The Snowden Effect: definition and examples


Ben Smith argues that we shouldn't be concerned about Snowden's motives. In a new media environment, understanding intent is even more important. (The Guardian, Screenshot)

Ben Smith argues that we shouldn’t be concerned about Snowden’s motives. In a new media environment, understanding intent is even more important. (The Guardian, Screenshot)

By pr​essthink.o​rg

It’s about what he set in motion by taking the action he did.

The Snowden effect, a definition:

Direct and indirect gains in public knowledge from the cascade of events and further reporting that followed Edward Snowden’s leaks of classified information about the surveillance state in the U.S.

Meaning: there’s what Snowden himself revealed by releasing secrets and talking to the press. But beyond this, there is what he set in motion by taking that action. Congress and other governments begin talking in public about things they had previously kept hidden. Companies have to explain some of their dealings with the state. Journalists who were not a party to the transaction with Snowden start digging and adding background. Debates spring to life that had been necessary but missing before the leaks. The result is that we know much more about the surveillance state than we did before. Some of the opacity around it lifts. This is the Snowden effect.

It is good for public knowledge. And public knowledge is supposed to be what a free press and open debate are all about.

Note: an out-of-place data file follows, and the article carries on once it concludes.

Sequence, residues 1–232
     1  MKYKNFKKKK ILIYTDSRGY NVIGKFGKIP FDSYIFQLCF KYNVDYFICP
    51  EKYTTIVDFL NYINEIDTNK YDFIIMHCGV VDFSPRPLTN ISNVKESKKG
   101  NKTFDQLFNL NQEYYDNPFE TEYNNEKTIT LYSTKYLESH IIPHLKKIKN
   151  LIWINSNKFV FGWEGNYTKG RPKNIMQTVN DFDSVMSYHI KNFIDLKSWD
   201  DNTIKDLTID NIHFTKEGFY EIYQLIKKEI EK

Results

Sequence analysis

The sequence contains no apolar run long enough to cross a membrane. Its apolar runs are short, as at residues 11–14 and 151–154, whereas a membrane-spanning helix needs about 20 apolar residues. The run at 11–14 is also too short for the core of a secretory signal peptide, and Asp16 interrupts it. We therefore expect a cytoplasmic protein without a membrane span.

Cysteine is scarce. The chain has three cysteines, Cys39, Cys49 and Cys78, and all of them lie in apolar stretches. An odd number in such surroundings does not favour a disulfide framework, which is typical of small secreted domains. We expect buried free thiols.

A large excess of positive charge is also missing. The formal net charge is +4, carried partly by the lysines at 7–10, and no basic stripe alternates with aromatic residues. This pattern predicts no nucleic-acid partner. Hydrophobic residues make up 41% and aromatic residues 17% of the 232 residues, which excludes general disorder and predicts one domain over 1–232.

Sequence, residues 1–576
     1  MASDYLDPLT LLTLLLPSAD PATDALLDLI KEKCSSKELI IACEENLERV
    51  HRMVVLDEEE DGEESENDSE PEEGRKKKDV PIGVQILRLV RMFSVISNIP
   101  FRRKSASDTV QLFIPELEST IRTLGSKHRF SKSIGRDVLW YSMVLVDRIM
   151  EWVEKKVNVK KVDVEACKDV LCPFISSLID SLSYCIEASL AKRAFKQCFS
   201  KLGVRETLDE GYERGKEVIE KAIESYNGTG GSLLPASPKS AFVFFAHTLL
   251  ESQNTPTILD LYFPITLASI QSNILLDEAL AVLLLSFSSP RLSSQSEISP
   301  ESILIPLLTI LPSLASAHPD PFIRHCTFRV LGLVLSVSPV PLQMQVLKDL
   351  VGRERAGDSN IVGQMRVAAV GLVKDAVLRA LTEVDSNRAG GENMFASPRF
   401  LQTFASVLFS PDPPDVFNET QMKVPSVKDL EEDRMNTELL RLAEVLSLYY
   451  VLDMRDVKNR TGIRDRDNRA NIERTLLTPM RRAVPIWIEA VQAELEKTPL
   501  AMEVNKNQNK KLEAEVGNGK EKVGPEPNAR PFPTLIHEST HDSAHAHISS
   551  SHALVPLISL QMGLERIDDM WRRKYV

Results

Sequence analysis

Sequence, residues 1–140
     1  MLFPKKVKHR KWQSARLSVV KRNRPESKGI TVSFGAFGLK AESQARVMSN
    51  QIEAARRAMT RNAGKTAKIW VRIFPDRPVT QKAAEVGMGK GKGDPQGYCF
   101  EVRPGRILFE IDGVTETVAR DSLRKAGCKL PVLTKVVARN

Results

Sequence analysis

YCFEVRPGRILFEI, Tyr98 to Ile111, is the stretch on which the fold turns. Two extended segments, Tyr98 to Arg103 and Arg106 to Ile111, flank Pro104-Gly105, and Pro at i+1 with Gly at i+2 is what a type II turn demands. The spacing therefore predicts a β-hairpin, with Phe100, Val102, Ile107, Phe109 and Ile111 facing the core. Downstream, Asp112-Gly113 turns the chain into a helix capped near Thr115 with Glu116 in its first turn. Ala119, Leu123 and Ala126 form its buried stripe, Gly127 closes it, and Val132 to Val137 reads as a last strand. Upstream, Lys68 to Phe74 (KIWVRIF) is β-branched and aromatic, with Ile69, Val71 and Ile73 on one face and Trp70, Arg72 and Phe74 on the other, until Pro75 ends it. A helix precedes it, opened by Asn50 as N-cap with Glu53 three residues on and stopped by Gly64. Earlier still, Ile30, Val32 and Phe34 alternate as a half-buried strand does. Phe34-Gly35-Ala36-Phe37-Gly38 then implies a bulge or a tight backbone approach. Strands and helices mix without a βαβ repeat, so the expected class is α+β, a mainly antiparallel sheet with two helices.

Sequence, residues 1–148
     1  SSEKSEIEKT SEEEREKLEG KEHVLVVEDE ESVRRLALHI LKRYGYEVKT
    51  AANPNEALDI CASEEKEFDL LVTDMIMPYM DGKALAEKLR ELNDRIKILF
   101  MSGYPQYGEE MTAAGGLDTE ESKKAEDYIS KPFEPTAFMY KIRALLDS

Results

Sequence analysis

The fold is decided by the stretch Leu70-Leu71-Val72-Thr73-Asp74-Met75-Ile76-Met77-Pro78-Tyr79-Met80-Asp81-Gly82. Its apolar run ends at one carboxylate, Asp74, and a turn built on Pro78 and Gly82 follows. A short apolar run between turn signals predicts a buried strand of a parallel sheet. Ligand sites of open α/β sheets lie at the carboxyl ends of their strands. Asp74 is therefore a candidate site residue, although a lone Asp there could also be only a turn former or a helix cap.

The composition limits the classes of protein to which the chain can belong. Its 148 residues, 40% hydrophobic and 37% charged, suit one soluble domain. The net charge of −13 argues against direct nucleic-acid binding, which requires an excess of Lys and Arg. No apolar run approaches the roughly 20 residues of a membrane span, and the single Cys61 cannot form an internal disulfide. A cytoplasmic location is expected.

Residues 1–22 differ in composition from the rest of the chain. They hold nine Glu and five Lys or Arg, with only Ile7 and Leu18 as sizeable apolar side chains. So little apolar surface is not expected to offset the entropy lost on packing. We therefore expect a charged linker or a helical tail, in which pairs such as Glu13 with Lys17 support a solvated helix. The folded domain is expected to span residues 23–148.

Notes, links and examples:

1. As reported yesterday: (July 4)

Days after President François Hollande sternly told the United States to stop spying on its allies, the newspaper Le Monde disclosed on Thursday that France has its own large program of data collection, which sweeps up nearly all the data transmissions, including telephone calls, e-mails and social media activity, that come in and out of France.

The Snowden effect is international.

2. On July 3, Reuters reported on the “long history of close cooperation between technology companies and the intelligence community.”

Former U.S. officials and intelligence sources say the collaboration between the tech industry and spy agencies is both broader and deeper than most people realize, dating back to the formative years of Silicon Valley itself.

A similar story ran in the New York Times on June 19. It told of “the increasingly deep connections between Silicon Valley and the [NSA] and the degree to which they are now in the same business.”

3. In a superb story by four reporters on June 15, the Associated Press expanded the frame:

The revelation of Prism this month by the Washington Post and Guardian newspapers has touched off the latest round in a decade-long debate over what limits to impose on government eavesdropping, which the Obama administration says is essential to keep the nation safe.
But interviews with more than a dozen current and former government and technology officials and outside experts show that, while Prism has attracted the recent attention, the program actually is a relatively small part of a much more expansive and intrusive eavesdropping effort.

4. Expanding the frame in a different way, the McClatchy Washington bureau reported on the Obama Administration’s extremely aggressive crackdown on leaks: (June 20)

President Barack Obama’s unprecedented initiative, known as the Insider Threat Program, is sweeping in its reach. It has received scant public attention even though it extends beyond the U.S. national security bureaucracies to most federal departments and agencies nationwide.